May 22, 2024
Twenty immigrants are missing and feared dead after attempting to sail from the direction of Cuba to the Florida Keys Wednesday as Hurricane Ian made landfall on South Florida and decimated parts of the region.

Twenty immigrants are missing and feared dead after attempting to sail from the direction of Cuba to the Florida Keys Wednesday as Hurricane Ian made landfall on South Florida and decimated parts of the region.

The Coast Guard resumed its search Thursday for 20 people who were aboard a vessel that capsized as it embarked for the United States Wednesday. Nearly 24 hours after the Coast Guard’s search commenced, authorities have reported just seven survivors.

The Coast Guard pulled three survivors from the water 2 miles offshore from Boca Chica Beach in the Florida Keys Wednesday afternoon.

Another four survivors were found after swimming to shore several hours later, according to the Border Patrol’s Miami chief, Walter N. Slosar.

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The Coast Guard posted rescue footage from its helicopter after it found several survivors as they reached the shoreline.

“Air crews continue to search for the reported missing people in the water after an illegal migration venture failed off the #FloridaKeys. Our ships are patrolling the #FloridaStraits assisting with search and rescue,” the Coast Guard wrote in a Twitter post to its Southeast account on Thursday morning. Regional representatives did not respond to a request for an update.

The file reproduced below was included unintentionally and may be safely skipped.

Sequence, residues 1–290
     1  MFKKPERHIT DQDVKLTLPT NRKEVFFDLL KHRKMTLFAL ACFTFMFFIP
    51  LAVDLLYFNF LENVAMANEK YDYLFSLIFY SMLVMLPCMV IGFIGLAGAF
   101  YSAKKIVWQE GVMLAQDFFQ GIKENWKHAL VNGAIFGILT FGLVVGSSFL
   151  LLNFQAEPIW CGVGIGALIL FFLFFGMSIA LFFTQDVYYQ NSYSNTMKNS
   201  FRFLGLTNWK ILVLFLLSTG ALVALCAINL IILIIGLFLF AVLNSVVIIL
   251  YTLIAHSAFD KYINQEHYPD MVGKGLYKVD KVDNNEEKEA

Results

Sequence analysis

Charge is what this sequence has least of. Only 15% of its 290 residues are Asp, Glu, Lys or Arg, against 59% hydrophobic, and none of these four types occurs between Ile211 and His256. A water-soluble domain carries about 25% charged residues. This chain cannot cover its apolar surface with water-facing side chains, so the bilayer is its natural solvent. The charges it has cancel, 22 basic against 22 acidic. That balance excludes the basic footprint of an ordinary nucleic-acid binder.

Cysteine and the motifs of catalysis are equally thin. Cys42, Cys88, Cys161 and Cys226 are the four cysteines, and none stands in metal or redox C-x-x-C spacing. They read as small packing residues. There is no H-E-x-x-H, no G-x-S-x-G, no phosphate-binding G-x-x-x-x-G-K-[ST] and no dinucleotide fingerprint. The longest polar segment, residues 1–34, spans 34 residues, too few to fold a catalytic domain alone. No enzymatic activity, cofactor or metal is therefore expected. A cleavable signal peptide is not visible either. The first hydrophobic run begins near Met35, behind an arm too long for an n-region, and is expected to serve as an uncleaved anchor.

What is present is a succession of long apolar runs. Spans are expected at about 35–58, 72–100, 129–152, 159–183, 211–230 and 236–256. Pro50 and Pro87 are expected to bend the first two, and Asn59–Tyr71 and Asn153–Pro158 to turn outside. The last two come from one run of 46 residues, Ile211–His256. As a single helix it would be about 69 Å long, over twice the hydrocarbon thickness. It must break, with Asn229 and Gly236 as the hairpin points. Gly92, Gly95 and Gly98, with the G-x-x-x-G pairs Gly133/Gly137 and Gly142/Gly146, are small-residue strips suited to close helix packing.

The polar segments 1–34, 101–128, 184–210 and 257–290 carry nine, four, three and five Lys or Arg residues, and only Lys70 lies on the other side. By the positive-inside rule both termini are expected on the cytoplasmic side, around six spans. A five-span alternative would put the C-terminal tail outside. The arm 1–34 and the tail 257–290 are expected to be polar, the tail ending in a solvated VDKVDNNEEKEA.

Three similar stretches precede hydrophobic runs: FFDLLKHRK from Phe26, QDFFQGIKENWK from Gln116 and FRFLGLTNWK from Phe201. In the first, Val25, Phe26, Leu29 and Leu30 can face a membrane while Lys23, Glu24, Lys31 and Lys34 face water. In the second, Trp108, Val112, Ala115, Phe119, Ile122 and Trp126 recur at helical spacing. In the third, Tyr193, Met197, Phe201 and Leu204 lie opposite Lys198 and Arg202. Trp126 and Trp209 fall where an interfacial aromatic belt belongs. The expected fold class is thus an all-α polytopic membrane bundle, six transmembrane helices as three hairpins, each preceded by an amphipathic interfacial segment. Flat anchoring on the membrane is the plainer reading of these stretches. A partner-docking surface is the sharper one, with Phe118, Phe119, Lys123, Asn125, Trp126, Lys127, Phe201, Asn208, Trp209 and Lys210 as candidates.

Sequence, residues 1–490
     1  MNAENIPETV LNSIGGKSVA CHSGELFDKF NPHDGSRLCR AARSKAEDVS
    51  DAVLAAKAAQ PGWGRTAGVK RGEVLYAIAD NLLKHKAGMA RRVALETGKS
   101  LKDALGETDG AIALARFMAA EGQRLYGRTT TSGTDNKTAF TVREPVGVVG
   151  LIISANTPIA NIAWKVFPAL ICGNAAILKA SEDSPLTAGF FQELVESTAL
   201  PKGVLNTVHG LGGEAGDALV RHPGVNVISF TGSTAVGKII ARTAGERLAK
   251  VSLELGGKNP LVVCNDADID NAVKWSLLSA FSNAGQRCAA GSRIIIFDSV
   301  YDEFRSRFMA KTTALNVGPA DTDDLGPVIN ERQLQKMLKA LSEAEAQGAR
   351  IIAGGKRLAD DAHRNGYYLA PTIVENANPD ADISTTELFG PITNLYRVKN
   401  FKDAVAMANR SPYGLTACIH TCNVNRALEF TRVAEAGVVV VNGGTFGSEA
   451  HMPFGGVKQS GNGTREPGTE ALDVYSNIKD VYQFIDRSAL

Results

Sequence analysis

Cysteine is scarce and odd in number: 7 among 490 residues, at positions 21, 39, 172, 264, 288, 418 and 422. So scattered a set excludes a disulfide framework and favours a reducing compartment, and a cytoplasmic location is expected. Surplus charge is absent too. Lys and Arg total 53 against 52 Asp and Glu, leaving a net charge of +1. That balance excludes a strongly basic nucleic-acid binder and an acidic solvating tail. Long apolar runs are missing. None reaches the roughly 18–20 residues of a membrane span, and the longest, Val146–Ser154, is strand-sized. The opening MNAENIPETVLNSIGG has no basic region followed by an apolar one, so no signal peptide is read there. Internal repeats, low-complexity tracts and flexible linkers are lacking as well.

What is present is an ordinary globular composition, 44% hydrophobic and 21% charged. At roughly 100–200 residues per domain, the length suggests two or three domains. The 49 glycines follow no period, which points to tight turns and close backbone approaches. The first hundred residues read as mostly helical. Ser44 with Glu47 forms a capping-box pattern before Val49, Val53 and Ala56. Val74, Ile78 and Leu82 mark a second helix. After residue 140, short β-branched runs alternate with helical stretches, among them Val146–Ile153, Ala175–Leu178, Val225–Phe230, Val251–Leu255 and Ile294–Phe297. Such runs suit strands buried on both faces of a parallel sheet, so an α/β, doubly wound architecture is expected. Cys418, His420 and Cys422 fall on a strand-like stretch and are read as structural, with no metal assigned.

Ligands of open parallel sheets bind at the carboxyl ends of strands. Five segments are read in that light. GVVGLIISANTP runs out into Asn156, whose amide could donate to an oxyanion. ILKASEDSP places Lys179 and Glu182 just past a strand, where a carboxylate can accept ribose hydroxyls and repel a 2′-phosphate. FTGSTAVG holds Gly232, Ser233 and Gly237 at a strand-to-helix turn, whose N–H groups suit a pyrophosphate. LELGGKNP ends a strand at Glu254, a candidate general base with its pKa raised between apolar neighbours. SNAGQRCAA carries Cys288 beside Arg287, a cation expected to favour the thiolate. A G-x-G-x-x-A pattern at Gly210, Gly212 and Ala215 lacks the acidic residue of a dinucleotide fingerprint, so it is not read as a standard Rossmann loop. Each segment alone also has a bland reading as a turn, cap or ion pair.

The Coast Guard is handling the investigation because it has jurisdiction over maritime incidents, while the Border Patrol is responsible for arresting illegal immigrants if they reach land.

Neither government agency has disclosed when the boat is believed to have shipwrecked and where it originated. Border Patrol said in a Twitter post on Wednesday that the four people it pulled from the water are Cuban citizens, an indication the boat may have originated from the island. Border Patrol’s parent agency, Customs and Border Protection, declined to comment on the search and investigation.

As record numbers of Cubans and Haitians attempt to cross the southern land border illegally, others have increasingly taken to the sea. Department of Homeland Security authorities with the Coast Guard told the Washington Examiner earlier this summer that its personnel had interdicted more people at sea than ever before.

A Coast Guard spokesperson pointed to socioeconomic problems in both countries as a reason why immigrants choose to flee.

Between October 2021 and June, the Coast Guard intercepted more than 10,000 people attempting to enter the U.S. illegally by boat. Roughly 3,400 were from Cuba and 6,100 were from Haiti — four times more Haitian immigrants than the previous 12-month record.

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The Coast Guard is increasingly encountering people by sea before they can get to land, a major factor in why Border Patrol apprehensions have not topped the 2007 record of 7,000.

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